He believes that the lack of strong privacy laws and regulations around disclosures related to data breaches gives companies the confidence to keep users in the dark about a data breach.

According to Kar, there are three pressing matters concerning CERT-In’s response to breaches.

“First is communication. I don’t know what they are doing about the data breaches. The second thing is helping the industry. CERT-In should actively categorize the breaches and ensure affected companies collaborate and share intelligence to improve the overall cybersecurity landscape. The third aspect is reparations in financial terms for the victims of these data breaches.”

The penalty for not reporting incidents to the CERT-in is a paltry INR 5,000 per day (approx $70). Also, the penalty for contravention of any regulations of the Information Technology Act, 2000, is INR 25,000 (approx $340).

“No rich corporation is ever going to lose sleep over such penalties,” Mohandas said.

After news emerged about Israeli spyware Pegasus affecting WhatsApp users, the government and CERT-In were proactive in sending WhatsApp a notice. (Anton/Pexels)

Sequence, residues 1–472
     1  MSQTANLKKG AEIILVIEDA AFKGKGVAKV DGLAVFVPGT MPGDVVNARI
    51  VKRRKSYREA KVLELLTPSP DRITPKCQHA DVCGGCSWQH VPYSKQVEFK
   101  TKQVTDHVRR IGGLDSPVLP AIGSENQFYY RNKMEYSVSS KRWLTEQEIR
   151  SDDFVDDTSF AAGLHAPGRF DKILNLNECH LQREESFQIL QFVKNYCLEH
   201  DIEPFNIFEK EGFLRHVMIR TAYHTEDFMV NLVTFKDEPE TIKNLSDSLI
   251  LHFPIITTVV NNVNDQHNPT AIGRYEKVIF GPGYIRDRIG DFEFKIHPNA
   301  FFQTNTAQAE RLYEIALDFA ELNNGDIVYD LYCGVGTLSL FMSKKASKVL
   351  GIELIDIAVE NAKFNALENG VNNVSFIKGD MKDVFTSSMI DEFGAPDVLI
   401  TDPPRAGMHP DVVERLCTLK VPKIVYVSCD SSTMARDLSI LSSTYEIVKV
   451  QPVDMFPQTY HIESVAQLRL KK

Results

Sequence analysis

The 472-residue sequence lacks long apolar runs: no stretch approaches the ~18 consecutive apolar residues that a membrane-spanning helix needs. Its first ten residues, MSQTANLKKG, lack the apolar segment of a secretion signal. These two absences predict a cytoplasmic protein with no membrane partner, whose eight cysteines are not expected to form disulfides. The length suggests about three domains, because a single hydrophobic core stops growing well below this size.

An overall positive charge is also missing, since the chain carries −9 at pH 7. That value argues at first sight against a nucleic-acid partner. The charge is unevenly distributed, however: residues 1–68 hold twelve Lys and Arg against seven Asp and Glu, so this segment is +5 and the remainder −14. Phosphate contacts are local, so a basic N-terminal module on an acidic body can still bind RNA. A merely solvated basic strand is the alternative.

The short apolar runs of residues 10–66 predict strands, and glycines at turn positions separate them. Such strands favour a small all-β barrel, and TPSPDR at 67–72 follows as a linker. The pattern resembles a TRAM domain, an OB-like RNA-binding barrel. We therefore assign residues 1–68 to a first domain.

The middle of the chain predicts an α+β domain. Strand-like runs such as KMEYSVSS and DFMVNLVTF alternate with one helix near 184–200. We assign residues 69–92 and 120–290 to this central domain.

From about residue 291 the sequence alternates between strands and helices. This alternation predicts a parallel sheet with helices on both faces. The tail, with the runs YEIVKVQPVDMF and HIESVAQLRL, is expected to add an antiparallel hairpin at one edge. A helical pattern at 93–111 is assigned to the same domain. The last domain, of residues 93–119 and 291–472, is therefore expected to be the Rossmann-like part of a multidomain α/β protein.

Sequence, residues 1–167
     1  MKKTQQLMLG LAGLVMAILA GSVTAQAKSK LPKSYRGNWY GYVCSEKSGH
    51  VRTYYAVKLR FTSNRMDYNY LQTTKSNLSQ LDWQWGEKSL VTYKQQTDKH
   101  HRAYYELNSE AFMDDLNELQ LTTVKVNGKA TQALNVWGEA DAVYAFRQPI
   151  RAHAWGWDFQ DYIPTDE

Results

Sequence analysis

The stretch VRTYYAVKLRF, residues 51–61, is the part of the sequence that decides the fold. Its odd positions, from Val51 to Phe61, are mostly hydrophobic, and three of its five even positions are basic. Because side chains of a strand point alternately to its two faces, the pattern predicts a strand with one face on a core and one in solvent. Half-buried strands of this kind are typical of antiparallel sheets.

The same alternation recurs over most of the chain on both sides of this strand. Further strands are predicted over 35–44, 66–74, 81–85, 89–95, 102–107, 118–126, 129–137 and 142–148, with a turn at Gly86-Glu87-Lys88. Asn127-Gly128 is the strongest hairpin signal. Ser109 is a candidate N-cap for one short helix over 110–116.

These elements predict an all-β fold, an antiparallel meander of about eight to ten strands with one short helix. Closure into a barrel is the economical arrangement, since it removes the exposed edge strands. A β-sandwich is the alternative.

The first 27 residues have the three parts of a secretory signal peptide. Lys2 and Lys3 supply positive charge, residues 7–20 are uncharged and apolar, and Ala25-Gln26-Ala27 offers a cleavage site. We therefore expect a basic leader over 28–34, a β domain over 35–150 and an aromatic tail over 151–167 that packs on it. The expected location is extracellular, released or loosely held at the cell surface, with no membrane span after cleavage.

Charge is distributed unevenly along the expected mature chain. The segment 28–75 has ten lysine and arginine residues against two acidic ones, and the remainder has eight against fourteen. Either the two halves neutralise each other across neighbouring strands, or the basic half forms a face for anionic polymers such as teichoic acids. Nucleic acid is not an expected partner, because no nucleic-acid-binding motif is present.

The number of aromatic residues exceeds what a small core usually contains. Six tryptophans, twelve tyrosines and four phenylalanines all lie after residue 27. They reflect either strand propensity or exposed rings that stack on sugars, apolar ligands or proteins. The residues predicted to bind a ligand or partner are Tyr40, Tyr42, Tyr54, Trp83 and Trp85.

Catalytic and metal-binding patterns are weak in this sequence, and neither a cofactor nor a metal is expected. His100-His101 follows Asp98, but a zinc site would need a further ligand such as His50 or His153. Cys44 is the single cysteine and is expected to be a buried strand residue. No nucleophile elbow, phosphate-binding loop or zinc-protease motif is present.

“Non-compliance of security standards should elicit much harsher penalties, and CERT-In should ideally be given the power to take cognizance on its own on security incidents and a stricter security breach notification law needs to be put in place.”

Back in 2019, after news emerged about Israeli spyware Pegasus affecting WhatsApp users, the government and CERT-In were proactive in sending WhatsApp a notice. In 2018, CERT-In issued an advisory in response to the Cambridge Analytica data breach.

But when it comes to data breaches by Indian companies, the response hasn’t been swift.

“There is digital nationalism, which is more about protectionism for Indian companies. You don’t want foreign companies to take over the Indian sector. Every nation-state can protect its interest, and there’s nothing wrong with it, but then make it a policy. In the current case, MobiKwik, Domino’s didn’t even care about the breach,” Kodali said.

“The onus to ensure data privacy is maintained and the rights of Indian users protected lies with the government. The companies may try to say many things to justify their stand, but policing them is CERT-In’s job. They have failed at this since the Information Technology Act came into being in 2000.”

(Edited by Abinaya Vijayaraghavan and Amrita Das)